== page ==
Thonock Hall


Location   Thonock
Year demolished   1964  
Reason   Surplus to requirements, becoming derelict before demolition  
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Text written by, and copyright of, Nicholas Kingsley - many thanks

The Thonock estate was acquired by Sir Willoughby Hickman (d. 1720), 3rd bt., sometime around 1700, and he moved from the ancient Old Hall in Gainsborough (where his family had lived since 1586) to what was presumably a more up-to-date house at Thonock. Some elements of this building may have been preserved among the gabled outbuildings of a later seven by five bay house of two-and-a-half storeys, built c.1760-70 for his grandson, Sir Neville George Hickman (d. 1781), 5th bt. I base my estimate of the date of the house largely on the panelled interiors, which seem to have survived relatively unaltered until the house was demolished, and I would be interested to know whether others agree with my assessment of the date, or whether you think the house might be earlier or later.

Sir Neville left no male heirs, and his Thonock and Gainsborough estate descended to his daughter, who 'lived a good deal retired at Thonock Hall' until her death in 1827, when she bequeathed the property to her distant kinsman, Henry Bacon, a younger son of Sir Edmund Bacon (d. 1820), 8th/9th bt. Henry was probably responsible for remodelling the house in about 1830. The whole house may have been refaced, and alternate windows on the seven bay west front were blocked, giving it the appearance of four widely-spaced bays. The entrance, which had presumably originally been into the middle bay of the seven bay house, was moved to an off-centre position below the second bay, and given a porch. On the five-bay south elevation, the ground floor was brought forward in two square bays decorated with Tuscan pilasters, between which a new main entrance was created, also decorated with Tuscan pilasters. The east elevation appears to have been little altered from its 18th century form, although the ground-floor windows were apparently lengthened.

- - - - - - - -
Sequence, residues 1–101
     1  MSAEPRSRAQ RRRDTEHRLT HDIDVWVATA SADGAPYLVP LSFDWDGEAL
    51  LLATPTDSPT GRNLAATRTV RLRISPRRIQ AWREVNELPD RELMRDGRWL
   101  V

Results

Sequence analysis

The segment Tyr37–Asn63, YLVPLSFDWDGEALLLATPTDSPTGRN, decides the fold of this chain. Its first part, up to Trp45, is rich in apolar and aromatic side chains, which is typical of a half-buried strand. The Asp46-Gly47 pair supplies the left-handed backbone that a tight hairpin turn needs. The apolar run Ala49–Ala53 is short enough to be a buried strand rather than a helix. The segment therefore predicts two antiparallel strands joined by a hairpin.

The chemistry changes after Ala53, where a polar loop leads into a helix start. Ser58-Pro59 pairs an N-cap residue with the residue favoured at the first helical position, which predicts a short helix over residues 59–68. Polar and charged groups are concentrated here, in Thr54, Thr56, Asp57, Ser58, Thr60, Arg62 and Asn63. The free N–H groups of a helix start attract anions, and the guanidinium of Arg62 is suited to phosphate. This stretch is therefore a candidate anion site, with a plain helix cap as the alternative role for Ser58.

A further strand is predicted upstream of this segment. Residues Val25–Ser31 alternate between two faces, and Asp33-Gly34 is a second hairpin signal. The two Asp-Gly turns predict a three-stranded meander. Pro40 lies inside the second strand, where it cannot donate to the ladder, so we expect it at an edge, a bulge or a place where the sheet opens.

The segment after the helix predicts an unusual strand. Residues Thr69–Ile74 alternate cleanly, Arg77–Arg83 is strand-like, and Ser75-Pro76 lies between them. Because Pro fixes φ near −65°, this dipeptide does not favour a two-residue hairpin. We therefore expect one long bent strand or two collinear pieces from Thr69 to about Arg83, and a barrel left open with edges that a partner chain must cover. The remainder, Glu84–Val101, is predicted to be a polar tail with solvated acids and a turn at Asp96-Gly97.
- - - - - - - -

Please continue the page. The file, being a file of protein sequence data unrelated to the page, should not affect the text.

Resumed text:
Henry Bacon died without issue and his Lincolnshire estate passed to his elder brother, Sir Edmund Bacon (1779-1864), 9th/10th bt., and then descended with the baronetcy to the mildly eccentric Sir Hickman Beckett Bacon (1855-1945), 11th/12th bt., who inherited in 1872 and lived in the house until his death, but never got around to installing gas, electricity or bathrooms. Sir Hickman was unmarried, and at his death the estate passed to his nephew, Sir Edward Castell Bacon (1903-82) of Raveningham Hall. For him, Thonock was very much a secondary estate (even though it was 10,000 acres compared to the 4,000 acres the family had in Norfolk), and when he visited he preferred the greater comfort of the agent's house in Gainsborough. Thonock Hall was shut up, and dry rot and woodworm did their worst. In 1964 the decision was taken to demolish Thonock Hall and a golf course was later created in the park, but the family continues to own the estate.